There were some questions to other utility posts that I had written and rather than answer them in the “comment” area I decided that it deserved an entire post. The first part of the post will be about MGE in general and the second will be about some of my personal experiences with the company.
Madison Gas and Electric (stock ticker: MGEE) is a utility company that serves (primarily) the city of Madison, Wisconsin. They usually go by MG&E and I’ll refer to them that way for the rest of the post.
MG&E has a very small service territory. There may be a utility with a smaller service territory listed on the NASDAQ or NYSE but I am not aware of it. Per their 12/31/05 10K filed with the SEC they served 136,000 electric customers. Their gas service territory is larger but the gas industry is less significant because there is no “generation” component and transmission is independent, so it is mainly a pass-through with some money for distribution and overhead.
MG&E doesn’t own much in the way of generation assets. They have a plant in town called Blount which is very old and then they own a portion (investment) in plants run by other, larger, utilities. Thus they technically own capacity from a financial perspective but they don’t run the facilities and it is an economic transaction.
Wisconsin passed some relatively unique laws regarding electric transmission and a for-profit company was formed for the whole state. Thus the electric transmission assets of MG&E were transferred into this entity in exchange for an economic interest.
I am ignoring gas because gas isn’t as big an economic deal as electricity since there is no “generation” component and the gas transmission grid has been deregulated for a long time. Their gas territory is a bit bigger than their electric territory but still one of the tiniest gas territories around.
Thus let’s sum the situation up – MG&E basically runs the distribution side (wires) and administration for electricity for the city of Madison. They have an economic interest in some plants and transmission. They have a small gas territory and some other assets.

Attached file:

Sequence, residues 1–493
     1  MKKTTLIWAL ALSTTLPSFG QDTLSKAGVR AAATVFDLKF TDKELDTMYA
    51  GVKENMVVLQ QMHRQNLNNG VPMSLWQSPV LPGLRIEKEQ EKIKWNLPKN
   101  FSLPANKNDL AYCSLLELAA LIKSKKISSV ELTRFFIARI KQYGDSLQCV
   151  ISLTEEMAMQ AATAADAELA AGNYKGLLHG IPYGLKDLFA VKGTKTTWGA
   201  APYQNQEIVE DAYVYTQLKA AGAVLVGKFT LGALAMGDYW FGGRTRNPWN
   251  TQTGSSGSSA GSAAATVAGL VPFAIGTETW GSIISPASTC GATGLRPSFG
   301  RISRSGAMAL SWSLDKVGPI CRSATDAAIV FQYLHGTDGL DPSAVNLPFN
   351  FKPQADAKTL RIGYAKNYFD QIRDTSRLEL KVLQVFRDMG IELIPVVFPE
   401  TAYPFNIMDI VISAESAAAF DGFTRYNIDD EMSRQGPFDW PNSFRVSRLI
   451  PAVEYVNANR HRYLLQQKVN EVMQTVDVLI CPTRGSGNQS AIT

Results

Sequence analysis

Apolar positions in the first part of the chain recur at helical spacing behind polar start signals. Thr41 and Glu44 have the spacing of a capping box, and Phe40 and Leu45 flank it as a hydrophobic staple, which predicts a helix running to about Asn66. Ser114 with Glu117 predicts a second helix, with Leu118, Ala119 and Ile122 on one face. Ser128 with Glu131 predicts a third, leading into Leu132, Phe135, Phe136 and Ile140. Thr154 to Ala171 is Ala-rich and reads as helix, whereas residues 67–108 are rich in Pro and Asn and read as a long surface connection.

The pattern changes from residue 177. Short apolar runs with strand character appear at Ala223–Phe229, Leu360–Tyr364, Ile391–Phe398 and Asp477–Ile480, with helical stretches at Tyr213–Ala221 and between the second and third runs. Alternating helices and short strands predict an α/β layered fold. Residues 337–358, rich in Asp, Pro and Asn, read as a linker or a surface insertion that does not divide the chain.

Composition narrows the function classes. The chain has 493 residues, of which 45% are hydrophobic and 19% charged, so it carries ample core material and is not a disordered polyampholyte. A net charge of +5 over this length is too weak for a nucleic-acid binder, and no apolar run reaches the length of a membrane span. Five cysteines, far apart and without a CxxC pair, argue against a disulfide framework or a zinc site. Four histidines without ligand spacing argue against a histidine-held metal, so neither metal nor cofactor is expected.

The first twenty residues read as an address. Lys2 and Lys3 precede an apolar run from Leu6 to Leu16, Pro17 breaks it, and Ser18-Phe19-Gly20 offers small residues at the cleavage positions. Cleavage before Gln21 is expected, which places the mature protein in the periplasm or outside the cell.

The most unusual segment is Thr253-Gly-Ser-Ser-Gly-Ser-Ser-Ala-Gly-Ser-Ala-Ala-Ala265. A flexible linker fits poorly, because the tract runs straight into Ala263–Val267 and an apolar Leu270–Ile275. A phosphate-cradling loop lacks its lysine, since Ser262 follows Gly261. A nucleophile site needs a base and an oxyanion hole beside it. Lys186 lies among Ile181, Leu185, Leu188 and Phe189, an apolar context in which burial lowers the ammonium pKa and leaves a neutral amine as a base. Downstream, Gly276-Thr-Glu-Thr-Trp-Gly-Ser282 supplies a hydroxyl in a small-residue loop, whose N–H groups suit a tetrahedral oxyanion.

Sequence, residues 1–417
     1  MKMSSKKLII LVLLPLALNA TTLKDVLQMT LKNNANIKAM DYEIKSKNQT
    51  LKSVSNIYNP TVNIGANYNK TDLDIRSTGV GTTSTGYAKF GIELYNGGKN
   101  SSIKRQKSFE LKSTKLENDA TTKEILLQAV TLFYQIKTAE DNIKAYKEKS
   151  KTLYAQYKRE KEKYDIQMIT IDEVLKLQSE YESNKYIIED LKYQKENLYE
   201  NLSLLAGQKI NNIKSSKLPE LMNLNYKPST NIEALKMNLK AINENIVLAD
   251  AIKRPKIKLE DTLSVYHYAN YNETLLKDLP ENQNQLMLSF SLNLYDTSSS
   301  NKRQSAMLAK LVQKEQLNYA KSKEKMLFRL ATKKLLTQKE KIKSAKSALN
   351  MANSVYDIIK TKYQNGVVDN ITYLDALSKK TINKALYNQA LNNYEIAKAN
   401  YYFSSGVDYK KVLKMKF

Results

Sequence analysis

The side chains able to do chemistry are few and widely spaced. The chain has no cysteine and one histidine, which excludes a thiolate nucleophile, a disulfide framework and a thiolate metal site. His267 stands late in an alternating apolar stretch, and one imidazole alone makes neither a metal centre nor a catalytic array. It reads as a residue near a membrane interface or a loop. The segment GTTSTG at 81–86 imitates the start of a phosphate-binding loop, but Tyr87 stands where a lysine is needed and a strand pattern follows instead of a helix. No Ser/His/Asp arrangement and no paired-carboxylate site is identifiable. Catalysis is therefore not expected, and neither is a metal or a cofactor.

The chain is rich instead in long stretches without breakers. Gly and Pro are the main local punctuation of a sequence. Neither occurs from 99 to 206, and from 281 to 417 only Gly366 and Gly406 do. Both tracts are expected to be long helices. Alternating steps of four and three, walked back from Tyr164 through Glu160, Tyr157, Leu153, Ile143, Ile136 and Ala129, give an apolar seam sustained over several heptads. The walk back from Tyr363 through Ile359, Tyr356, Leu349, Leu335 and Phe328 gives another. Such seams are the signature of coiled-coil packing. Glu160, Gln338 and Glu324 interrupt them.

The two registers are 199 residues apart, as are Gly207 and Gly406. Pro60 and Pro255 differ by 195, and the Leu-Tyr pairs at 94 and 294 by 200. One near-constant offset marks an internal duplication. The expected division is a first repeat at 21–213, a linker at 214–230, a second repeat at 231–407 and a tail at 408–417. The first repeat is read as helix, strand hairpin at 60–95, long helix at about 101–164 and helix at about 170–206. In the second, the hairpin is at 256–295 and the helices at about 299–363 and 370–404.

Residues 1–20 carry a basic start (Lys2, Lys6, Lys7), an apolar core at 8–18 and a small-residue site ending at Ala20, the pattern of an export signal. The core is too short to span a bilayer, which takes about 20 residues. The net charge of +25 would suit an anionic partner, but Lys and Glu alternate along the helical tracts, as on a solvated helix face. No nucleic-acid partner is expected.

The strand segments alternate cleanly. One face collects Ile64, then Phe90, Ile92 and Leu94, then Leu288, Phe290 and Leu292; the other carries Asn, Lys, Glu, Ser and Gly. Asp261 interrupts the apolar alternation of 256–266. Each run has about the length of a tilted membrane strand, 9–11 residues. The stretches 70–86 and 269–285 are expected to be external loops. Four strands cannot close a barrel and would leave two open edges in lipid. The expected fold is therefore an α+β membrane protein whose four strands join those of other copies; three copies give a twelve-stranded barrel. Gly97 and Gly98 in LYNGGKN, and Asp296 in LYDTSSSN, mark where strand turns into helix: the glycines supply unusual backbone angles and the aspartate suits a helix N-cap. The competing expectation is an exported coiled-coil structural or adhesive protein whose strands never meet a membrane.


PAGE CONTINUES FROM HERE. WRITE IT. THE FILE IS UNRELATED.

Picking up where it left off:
My friends, this is a small, small entity. The entire utility industry has been consolidating for years. MG&E has revenues of $513M for 2005, vs. $15.3B for Exelon, the utility that serves Chicago and much of the Midwest, or even $3.8B for Wisconsin Energy Corporation.
In the industry, people have been talking about MG&E getting swallowed up for years. Alliant Energy, a much larger utility that serves a territory to the East of Madison, even HAS THEIR HEADQUARTERS IN MADISON. In the early 90’s when I was working at MG&E there was constant talk of them getting merged up, and this was before the transmission assets were co-mingled with the state.
From an economic perspective, it would be simple for an adjacent competitor to swallow up MG&E. They would probably 1) fire the headquarters staff 2) change the names on the local distribution trucks 3) switch the customer calls over to their call centers. As far as their generation, since they don’t “run” anything, they would likely merge with the actual operators of the facility, so the economics would be transparent. If you look at a map of utility service territories (check here) you can see the logical companies that would swallow up MG&E and fix a hole in their service territory.
Why doesn’t this happen? It happens in every other industry. Can you think of industries where you wouldn’t just “roll up” a competitor if it was only a local distribution arm, didn’t have any pricing power, and was already adjacent to your service territory, and your headquarters existed in the middle of the service territory? Obviously, you pay some sort of market premium at one point, but then over time you get the savings in reduced expenses for not having duplicate corporate and administrative staff.
In my opinion, there probably isn’t a utility in the entire US that would be a more logical takeover candidate. People have been talking about them being taken over for 20+ years. But why hasn’t this happened?
I don’t have direct knowledge of Madison since I haven’t worked up there in years. The city of Madison probably figures they’d lose a bunch of utility jobs since Alliant would just close the HQ and wouldn’t need many of those people at their facility. Also, MG&E is a nice local supporter of various causes (scratch my back, I’ll scratch yours). Of course, people probably pay higher rates than they would if the industry was logically consolidated, but free market economics isn’t a big seller in Madison.